In the aftermath of the horrific attacks that took place on Tuesday, everyone involved in education faces a great challenge: helping our children to feel safe and secure.
There are children whose lives have been directly affected by the terrorist attacks and will never be the same. Most of our children have seen terrifying images of destruction on television and the Internet. They are reading newspapers and they have heard stories on the radio about the huge loss of life.
If you are an educator, whether your school is a public, private, parochial, charter or home school, you must offer your students your undivided attention and unequivocal support.
If you are a principal, here are some things to consider doing at your school:
Evaluate the counseling resources you have on campus and consider what services and assistance may be available in your community. If you need help with counseling your students, faith-based and community organizations can help.
Meet with the faculty of your school as a group and individually. Many of your teachers and staff are feeling stress and anxiety, and your leadership can help to comfort them and build a strong sense of camaraderie that will assist them in meeting the needs of their students.
When you meet with teachers, encourage them to listen to the questions and concerns of their students, and to answer their questions honestly with age-appropriate facts. Remind them that we can overwhelm young children with too much information.
Share suggestions with your faculty about how to discuss the terrorist attacks with the students in their classrooms, and how to look for signs of distress or special needs among their students so they know where to direct extra help.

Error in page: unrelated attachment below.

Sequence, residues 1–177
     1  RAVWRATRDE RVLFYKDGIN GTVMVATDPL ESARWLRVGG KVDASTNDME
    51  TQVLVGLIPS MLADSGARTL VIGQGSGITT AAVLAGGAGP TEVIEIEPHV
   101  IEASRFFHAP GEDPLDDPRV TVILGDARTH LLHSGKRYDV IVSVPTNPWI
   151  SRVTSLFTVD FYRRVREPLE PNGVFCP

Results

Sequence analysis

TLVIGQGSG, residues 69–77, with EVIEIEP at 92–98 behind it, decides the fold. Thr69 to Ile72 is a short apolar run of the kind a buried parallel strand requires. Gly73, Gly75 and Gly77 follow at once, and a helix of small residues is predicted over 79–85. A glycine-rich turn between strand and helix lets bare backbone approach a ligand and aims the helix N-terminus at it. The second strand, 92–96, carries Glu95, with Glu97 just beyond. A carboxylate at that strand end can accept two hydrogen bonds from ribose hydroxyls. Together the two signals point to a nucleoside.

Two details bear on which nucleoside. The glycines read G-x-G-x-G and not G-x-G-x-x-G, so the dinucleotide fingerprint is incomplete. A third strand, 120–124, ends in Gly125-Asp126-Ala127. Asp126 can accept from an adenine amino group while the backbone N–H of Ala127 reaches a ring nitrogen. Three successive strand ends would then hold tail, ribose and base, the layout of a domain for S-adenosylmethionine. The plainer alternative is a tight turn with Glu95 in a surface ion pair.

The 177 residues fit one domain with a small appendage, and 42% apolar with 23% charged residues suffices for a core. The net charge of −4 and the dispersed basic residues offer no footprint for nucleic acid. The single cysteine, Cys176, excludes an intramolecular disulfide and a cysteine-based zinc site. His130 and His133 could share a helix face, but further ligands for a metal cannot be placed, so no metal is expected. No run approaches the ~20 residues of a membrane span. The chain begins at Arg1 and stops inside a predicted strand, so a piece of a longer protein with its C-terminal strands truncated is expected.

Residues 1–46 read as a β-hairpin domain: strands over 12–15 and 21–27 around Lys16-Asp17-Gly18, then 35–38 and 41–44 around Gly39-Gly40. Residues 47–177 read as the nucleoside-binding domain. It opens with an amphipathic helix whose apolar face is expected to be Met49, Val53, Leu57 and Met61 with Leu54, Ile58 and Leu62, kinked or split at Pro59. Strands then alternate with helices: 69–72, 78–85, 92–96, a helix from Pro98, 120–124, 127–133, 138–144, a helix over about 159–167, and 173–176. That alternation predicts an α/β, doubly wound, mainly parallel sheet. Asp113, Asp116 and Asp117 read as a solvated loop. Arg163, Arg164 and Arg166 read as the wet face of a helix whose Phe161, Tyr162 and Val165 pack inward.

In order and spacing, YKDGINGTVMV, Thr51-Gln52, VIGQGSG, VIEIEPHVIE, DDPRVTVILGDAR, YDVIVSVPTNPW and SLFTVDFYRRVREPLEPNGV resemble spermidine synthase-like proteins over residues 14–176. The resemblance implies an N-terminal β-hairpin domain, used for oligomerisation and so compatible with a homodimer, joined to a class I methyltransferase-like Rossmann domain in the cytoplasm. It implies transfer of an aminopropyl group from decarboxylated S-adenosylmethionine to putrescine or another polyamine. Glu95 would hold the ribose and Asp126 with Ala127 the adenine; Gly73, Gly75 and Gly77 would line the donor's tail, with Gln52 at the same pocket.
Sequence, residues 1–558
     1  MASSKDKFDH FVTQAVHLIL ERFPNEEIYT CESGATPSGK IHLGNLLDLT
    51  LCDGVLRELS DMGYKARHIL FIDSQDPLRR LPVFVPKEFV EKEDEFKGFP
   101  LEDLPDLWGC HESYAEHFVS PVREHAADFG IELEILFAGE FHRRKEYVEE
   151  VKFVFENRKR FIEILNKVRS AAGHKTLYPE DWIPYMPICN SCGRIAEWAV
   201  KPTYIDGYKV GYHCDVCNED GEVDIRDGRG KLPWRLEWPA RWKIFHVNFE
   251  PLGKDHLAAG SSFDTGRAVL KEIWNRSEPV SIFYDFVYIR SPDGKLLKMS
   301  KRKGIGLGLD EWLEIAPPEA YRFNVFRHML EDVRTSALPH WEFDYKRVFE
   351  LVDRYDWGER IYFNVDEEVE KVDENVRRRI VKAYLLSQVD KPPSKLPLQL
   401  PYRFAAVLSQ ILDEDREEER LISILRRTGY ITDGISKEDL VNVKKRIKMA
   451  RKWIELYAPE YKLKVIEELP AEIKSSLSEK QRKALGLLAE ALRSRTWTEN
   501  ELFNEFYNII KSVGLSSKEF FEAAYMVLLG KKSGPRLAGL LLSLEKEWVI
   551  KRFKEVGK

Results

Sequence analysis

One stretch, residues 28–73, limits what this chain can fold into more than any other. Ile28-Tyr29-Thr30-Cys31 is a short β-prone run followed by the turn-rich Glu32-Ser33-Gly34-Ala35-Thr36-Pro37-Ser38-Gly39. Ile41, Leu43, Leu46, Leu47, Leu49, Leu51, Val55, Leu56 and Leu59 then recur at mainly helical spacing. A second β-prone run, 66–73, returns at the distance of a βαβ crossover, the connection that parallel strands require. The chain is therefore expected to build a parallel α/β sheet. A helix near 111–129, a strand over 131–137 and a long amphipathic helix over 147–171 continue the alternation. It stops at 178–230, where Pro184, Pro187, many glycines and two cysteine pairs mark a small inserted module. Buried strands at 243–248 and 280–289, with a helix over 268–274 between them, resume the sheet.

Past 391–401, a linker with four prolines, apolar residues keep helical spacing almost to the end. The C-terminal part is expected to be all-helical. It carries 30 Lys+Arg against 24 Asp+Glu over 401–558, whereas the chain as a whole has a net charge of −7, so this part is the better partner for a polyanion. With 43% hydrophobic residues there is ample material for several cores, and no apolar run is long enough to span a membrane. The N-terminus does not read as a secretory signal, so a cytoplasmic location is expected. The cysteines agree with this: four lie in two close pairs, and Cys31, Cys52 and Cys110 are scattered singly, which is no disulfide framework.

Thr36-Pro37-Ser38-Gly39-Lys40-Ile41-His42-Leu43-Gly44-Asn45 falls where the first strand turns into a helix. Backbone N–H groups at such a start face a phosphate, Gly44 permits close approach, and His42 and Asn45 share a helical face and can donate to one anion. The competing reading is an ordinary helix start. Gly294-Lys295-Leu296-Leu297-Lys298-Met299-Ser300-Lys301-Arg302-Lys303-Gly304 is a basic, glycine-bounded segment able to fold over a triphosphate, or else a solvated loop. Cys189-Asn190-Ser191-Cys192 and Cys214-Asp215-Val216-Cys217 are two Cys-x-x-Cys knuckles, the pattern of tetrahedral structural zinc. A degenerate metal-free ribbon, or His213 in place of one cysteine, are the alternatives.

Spend time walking through your building and visiting classrooms. This leadership activity strongly reduces anxiety of both your teachers and students.
Teachers may want to consider the following suggestions:
Listen to your students and watch their behavior. Sometimes the quietest child may be the most frightened. Some children may daydream or have trouble concentrating on their schoolwork. Some may act out. Others may be just fine.
Take the time to reassure your students that their homes and schools are likely to be safe places. Show them that their school is functioning normally, and tell them that their government is working and that it will continue to protect them.
Help students discuss the known facts and separate fact from rumor. Avoid speculating or exaggerating graphic details. Try not to be alarmist.
Incidents have occurred since the tragedy where children of Middle Eastern descent have been threatened or taunted. This is an excellent opportunity to help children understand that most individuals who are from other countries are fine and good people who live in and love the United States as much as they do and that one should make judgments on an individual basis.
Maintain structure and stability through the daily schedule and engage in classroom activities that do not focus on the recent attacks. Children are comforted by their normal routine, and "back-to-normal" activities will help them.
Remember that the images on television are frightening, even to adults. Reduce or eliminate the presence of television in the classroom.
Remind your students about the value of living in a country that respects individual liberty and the rule of law. Talk about the principles that led to the independence of our country, and why they are still important today.
Engage in patriotic activities to give your students comfort. Say the Pledge of Allegiance, sing patriotic songs, or read books about courage.
Encourage your students to participate in constructive activities relative to the tragedy. They can write notes to those in mourning or write about acts of courage or bravery. Give them the opportunity to come up with ideas about how they can help those in need.
Teachers can also take care of themselves and their colleagues. Though some will show it more than others, teachers are feeling the effects of the terrorist attacks just as their students are.